I already showed you some snaps from my Icelandic escape here and gave you my overall feeling about it: that it’s overwhelmingly beautiful. It’s nature showing off. A land of ice and fire. The huge glaciers contrast with the geothermal force bursting from the earth and even more with the volcanic activity roaring from the island’s belly. Much To Verne’s inspiration, as Journey to the center of the Earth was born in Snæfellsjökull, in western Iceland.

Below are some of the places I loved the most. We spent 10 days on the island and focused on the west, south and south-east, largely connected by the “ringroad”, Road number 1.

South east – Skaftafelljökul, Jökulsarlon and Laki Craters

As you hike to the Skaftafelljökul and see the blue blocks of ice detaching from the glacier, the word Ice-land takes a whole new meaning. A relentless white giant falling apart. If you can, take a zodiac tour on the Jökulsarlon lagoon with Icelagoon, some 50km from Skaftafell. Breathtaking. A land of ice beneath you. Huge ice cubes floating all around. The zodiac moving fast on the waves, like those flat pebbles kids throw on the water and ricochet across the water. The sheer blue of the icebergs. Concentrated ice. One centimetre of ice is 20m of snow pressed together by time. If you have a 4×4, you can drive to the Laki Craters. Otherwise, you can take a private jeep tour with holasport or take the bus, like we did. Both leave from Kirkjubæjarklaustur’s oil station.

South: Vik, Reynisfjara and Dyrholaey

The road number 1 connects the whole area between Reykjavik to the East, along the southern coastline. I loved the lava fields and the black beaches. Three musts would be Vik, Reynisfjara and Dyrholaey cliff. No swimming though! Not that many would be enticed, with the rather cold waters -especially with all the hotsprings everywhere. But it so happens that I know some who were thinking of taking a swim. As a local told us: it’s not dangerous. It’s suicide. At Dyrholaey cliff you can observe plenty of puffins. They’re not shy at all and they seem to pose for the pictures. Funny creatures indeed. I’m no bird fan in general but their cartoon look is quite cool. Vik’s black beach has ginormous waves and you can find local products and wool crafts. Reynisfjara has incredible basalt columns and caves.

West: Blue Lagoon, Thingvellir, Geysir and Snaefellsnes fjords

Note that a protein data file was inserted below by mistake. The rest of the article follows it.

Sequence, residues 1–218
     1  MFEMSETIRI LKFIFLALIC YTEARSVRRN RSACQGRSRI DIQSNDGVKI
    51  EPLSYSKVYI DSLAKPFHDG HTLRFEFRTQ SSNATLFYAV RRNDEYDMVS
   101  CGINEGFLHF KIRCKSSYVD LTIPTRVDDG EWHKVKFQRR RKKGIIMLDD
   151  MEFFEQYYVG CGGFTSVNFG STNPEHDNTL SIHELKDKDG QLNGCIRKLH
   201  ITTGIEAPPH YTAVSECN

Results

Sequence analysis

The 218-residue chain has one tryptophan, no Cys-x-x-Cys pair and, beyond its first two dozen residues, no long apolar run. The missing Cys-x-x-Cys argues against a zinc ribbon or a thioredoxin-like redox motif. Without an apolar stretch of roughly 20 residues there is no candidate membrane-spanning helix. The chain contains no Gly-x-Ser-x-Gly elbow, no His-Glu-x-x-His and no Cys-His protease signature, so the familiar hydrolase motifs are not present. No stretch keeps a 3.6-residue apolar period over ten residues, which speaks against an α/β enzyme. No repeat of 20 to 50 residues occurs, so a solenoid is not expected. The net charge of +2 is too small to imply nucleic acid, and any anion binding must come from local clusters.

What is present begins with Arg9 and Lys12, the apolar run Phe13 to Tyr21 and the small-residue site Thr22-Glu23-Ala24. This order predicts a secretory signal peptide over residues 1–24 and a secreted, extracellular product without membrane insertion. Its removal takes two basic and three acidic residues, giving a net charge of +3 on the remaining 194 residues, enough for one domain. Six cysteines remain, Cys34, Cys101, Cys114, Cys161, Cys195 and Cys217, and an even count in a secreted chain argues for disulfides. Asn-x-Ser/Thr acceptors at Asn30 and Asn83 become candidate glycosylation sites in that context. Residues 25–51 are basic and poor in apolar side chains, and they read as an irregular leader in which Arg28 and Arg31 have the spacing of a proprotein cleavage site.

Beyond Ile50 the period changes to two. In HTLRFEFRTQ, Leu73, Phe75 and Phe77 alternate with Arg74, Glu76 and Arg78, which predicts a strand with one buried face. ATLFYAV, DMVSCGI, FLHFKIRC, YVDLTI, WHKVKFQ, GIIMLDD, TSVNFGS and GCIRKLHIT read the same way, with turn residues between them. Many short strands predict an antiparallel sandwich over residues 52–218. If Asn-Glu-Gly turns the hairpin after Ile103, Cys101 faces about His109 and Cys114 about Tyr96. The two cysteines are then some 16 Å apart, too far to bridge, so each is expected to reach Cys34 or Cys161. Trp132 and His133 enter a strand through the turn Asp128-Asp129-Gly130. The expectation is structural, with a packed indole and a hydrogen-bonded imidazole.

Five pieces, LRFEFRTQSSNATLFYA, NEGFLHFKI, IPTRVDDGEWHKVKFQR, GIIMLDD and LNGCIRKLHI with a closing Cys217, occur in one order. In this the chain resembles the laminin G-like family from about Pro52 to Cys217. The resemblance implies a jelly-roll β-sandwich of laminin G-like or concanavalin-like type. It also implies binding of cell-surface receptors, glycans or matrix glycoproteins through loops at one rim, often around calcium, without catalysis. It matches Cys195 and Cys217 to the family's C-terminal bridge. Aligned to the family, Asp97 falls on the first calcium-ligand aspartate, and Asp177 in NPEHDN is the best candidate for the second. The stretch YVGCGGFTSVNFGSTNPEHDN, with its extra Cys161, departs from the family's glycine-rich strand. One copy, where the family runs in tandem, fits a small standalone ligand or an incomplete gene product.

Thingvellir National Park is a bit meh while Geysir is smoking hot. It’s truly mind blowing how Strokkur bursts every 7 minutes or so. 25 meters of hot water and steam. Mudpots everywhere, little craters of boiling water and tiny wells with blue water, due to silicium. A rather unpleasant smell of rotten eggs due to the sulphur. Nature showing off, really.

We went hiking near Hveragerdi and saw small hot springs steaming from the earth. As we climbed the soft mountain –it was like walking on green mousse, the colours became more and more incredible. Pink and coral little flowers sprinkling the earth. Long grass combed by the wind and mossy rocks.

The somewhat secret private hot-spring of Hrunalaug, near Fludir was marvellous. Three little bathtubs made of rocks and a tiny wooden cabin as changing room. We arrived near 7:30 pm and everybody was leaving so we had the whole spring for ourselves. The perfect bath, minus a spider that wanted to come diving. We stayed near by at Sel farm and had the cutest little cottage for ourselves.

Blue Lagoon, near Reykjavik is definitely worth the 50eur entrance. Better to book in advance. We went in the “high season” and yet it wasn’t very crowded. The waters are really blue and opaque. It’s truly a weird feeling to be bathing in hot waters under the rain. There are pots here and there with silica mud you can smother your face with. A word to the wise tough: the high mineral content in the water may be great for your skin, it’ll play havoc with your hair. So if you want to avoid having a straw mane for days on end, smother your hair with conditioner before entering the lagoon. And try not to wet your hair.

Iceland can be super expensive, especially if you intend on drinking a alcohol. But I recently read about people organising house & car swaps, which is about the smartest thing you can do to reduce the budget and get top notch tips of what to do and where to go. Also, the horses. Goooorgeous horses who seem to outnumber the icelanders! We went horseback riding on the beach and it was such a thrill. I’ll definitely come back to Iceland. Maybe when I have kids and they can camp while I stay at a guesthouse with a hotpot in the garden. Maybe to see the Northern lights in the winter.

But for now, enough holidays -said no one ever…